"This is you who have chosen."

Translation:C'est vous qui avez choisi.

January 19, 2013

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The English should be: It's you who has chosen.


And duo did insist that in the translation, though not here.


I think it's correct as it stands, isn't it? Omitting the "who" would give you "...you have chosen" versus "...you has chosen."


Months later, now that I look at it again, I realize with chagrin that the French "vous" here can be interpreted in the singular or plural ("you" formal singular, and "you" plural), so on those grounds I agree that "have" is also possible. I have to get into the weeds here though. Regarding your test of omitting the "who", I suspect it isn't valid, because I think the "have" or "has", technically has to agree with "who", not "you". And I would say that the effect of the "who" is to change the 2nd person to the 3rd person in mid-sentence, and it can be awkward. When I test it, personally I find I can say both 1) "You, who have chosen..." and 2) "You, who has chosen...", of course depending on whether I'm speaking to a group or just one person. The first sounds fine because it so happens that "have" is the same form for both 2nd person plural and 3rd person plural, so the switch is sort of disguised. The second sounds strange because "has" is only 3rd person. Maybe correct, but most natives wouldn't be comfortable with it. The other issue here: "This is.." just sounds bizarre to me. Which brought me to "It's" and then made me incorrectly balk at the idea of "It's you who have..." due to the mess of sing. and plural. So: I think in the real world an English speaker would say in most contexts "You're the one who has chosen." or "You're the ones who have chosen".


"you who have chosen" is correct if "you" is plural. But I agree that the "this is" doesn't make sense. "it is" would be much better.

It is [all of] you who have chosen...


You're right about "You're the ones who have..." etc., but it's absolutely not correct to see "who" as necessarily a 3rd person pronoun. In prayers (I'm not a religious person, just a Latin teacher, so I read lots of old stuff in various languages) it's common to flatter the deity being addressed as "You who do this and that." When the rel. prn. (who, in Engl.) is coupled with a 2nd pers. verb (and in non-English languages we can tell by the verb ending that it's 2nd pers. and not 3rd), it's really necessary to say "O you who move the sun and the other stars" (or whatever). In other words, "who" doesn't dictate the form "moves," although I've noticed this error frequently in my young students. (There must be King James Bible or Shakespearean "thou who --st" or "ye who --" forms in prayers...)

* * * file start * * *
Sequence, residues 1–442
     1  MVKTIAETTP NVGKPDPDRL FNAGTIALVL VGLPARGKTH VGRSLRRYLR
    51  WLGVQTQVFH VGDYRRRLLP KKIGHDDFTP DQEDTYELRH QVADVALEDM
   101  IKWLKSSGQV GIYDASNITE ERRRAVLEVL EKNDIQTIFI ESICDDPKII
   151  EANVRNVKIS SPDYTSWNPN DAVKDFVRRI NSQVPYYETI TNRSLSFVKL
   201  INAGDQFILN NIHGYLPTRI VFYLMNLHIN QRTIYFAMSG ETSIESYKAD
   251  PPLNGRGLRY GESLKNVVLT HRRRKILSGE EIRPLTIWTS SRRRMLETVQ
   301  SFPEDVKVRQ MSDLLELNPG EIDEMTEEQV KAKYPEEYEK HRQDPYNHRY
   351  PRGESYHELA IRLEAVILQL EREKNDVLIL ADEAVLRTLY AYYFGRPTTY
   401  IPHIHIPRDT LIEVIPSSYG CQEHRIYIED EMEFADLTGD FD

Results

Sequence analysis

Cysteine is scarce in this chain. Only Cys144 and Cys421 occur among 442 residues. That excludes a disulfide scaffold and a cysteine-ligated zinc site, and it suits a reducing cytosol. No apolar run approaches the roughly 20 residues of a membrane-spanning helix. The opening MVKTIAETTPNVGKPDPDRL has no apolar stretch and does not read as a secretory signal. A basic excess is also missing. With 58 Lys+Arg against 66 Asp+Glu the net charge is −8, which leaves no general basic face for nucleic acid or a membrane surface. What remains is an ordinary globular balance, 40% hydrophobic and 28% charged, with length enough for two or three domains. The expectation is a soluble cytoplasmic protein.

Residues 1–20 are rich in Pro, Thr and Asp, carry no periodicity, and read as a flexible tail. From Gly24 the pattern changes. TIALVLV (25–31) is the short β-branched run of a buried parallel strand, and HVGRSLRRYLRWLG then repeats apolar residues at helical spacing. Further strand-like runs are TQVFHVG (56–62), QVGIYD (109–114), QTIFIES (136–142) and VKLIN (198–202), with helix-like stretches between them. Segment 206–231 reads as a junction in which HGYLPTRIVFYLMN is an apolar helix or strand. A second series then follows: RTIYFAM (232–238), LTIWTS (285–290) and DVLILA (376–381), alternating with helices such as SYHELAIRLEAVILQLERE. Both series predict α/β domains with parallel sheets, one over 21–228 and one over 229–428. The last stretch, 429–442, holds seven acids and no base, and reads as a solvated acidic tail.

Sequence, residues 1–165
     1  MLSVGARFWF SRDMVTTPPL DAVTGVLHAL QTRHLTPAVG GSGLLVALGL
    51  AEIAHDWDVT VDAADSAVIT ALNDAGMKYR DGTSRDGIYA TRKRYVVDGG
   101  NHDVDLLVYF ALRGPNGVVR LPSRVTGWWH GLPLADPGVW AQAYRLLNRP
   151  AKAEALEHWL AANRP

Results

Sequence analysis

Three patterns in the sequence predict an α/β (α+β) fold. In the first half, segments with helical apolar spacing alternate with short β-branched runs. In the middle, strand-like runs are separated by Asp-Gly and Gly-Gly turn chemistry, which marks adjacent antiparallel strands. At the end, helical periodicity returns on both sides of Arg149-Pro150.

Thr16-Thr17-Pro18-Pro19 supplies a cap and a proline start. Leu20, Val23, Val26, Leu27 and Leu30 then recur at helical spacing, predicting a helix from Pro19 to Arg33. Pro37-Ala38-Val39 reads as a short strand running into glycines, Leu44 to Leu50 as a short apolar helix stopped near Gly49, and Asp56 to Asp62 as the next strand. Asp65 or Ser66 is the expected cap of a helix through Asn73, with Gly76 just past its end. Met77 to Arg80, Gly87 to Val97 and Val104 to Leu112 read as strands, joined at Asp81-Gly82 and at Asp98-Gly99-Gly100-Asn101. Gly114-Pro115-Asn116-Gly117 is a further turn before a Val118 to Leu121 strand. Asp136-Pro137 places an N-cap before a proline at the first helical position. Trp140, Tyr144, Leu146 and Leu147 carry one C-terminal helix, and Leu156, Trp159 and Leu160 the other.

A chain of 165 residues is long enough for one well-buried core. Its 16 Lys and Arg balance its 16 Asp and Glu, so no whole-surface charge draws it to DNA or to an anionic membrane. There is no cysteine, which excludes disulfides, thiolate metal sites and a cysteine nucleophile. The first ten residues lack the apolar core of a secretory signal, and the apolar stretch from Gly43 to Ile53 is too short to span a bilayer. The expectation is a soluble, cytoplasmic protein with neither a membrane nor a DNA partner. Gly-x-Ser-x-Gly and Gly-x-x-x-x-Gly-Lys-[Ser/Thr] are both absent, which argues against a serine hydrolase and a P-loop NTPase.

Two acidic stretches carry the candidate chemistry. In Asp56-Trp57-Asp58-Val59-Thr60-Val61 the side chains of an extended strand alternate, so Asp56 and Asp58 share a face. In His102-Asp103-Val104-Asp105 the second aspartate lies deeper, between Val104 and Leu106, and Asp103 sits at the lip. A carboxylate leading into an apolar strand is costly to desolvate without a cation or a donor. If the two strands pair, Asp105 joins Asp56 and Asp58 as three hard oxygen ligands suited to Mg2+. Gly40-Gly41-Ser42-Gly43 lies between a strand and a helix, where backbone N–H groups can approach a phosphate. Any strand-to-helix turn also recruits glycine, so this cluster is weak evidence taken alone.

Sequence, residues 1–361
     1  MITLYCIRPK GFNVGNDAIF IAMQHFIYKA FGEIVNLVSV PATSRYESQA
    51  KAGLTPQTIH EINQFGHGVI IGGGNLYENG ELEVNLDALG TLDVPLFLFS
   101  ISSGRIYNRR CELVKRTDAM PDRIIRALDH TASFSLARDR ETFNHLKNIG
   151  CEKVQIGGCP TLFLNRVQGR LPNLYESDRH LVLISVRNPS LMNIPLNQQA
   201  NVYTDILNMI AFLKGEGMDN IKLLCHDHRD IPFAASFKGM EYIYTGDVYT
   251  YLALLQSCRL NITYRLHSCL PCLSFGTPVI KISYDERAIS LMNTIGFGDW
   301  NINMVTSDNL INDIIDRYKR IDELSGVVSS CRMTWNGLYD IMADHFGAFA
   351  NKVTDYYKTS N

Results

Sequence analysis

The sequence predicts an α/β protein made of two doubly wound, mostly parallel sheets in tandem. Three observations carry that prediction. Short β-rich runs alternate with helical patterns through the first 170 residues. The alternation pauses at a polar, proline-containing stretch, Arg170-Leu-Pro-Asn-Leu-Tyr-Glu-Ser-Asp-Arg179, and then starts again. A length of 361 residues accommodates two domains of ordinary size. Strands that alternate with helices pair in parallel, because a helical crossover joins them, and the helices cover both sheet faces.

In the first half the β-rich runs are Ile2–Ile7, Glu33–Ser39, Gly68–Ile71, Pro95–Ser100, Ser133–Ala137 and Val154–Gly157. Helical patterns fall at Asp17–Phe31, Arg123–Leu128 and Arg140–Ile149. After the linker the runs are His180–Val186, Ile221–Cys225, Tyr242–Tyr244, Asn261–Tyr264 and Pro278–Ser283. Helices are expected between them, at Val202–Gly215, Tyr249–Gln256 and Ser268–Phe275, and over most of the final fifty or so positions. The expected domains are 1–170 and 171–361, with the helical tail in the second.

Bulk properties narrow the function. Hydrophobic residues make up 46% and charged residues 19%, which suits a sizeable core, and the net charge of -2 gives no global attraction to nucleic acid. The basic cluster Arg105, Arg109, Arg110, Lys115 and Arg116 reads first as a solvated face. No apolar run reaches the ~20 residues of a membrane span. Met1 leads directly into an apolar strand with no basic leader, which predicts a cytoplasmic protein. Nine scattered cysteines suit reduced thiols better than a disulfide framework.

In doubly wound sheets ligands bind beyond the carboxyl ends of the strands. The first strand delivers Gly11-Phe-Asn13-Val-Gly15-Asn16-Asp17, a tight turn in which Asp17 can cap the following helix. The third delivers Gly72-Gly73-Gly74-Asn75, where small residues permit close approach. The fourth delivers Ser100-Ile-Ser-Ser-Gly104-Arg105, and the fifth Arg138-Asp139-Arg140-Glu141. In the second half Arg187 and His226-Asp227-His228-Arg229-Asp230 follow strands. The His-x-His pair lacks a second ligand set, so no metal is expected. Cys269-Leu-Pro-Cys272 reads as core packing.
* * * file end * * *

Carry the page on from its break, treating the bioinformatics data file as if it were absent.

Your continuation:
Yes, Suzanne, I now see you're right--I easily got hits for "thou who dost". This all reminds me of a rather formal structure in German that has always struck me as really strange: "Du, der du tust...." (You, who you do...) in which the "you" is repeated for good measure in the relative clause. I think when the 2nd person -st verb ending fell away in English it made this structure too awkward/confusing to survive.


I'm very uncorfortable with the "correct" answer and even with the english original. IMO once you introduce a sub-sentence with who the subject of this is"the one" (or "the ones") and therefore the verb must be in the third person. So, CORRECT ENGLISH for me is: "It is you who HAS chosen" and CORRECT FRENCH should be "c'est toi qui A choisi" (or "c'est vous qui a choisi"). All this is most definately true in spanish: "Eres tú quien HA elegido" to put "has" instead of "ha" just because i'm talking about "tú" would be a mistake, period.


You are not talking about "tu." You are talking about "vous." In English there is no distinction, but the word "have" is your hint. "Have" indicates plural. Beginning the sentence with "this is" seems problematic to me, though.


I'd also have expected the third singular, since the subject of the subordinate is 'qui'.

I wonder if in French it is considered a third person singular or if you have to agree the verb with whatever 'qui' is substituting.

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